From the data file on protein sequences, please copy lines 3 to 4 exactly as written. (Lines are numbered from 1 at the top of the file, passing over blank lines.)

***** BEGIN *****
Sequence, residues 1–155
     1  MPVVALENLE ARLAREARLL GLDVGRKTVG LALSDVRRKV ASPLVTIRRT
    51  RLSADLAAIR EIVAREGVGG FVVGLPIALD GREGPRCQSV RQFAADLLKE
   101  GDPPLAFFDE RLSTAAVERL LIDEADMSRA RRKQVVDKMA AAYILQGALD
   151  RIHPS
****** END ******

    51  RLSADLAAIR EIVAREGVGG FVVGLPIALD GREGPRCQSV RQFAADLLKE
   101  GDPPLAFFDE RLSTAAVERL LIDEADMSRA RRKQVVDKMA AAYILQGALD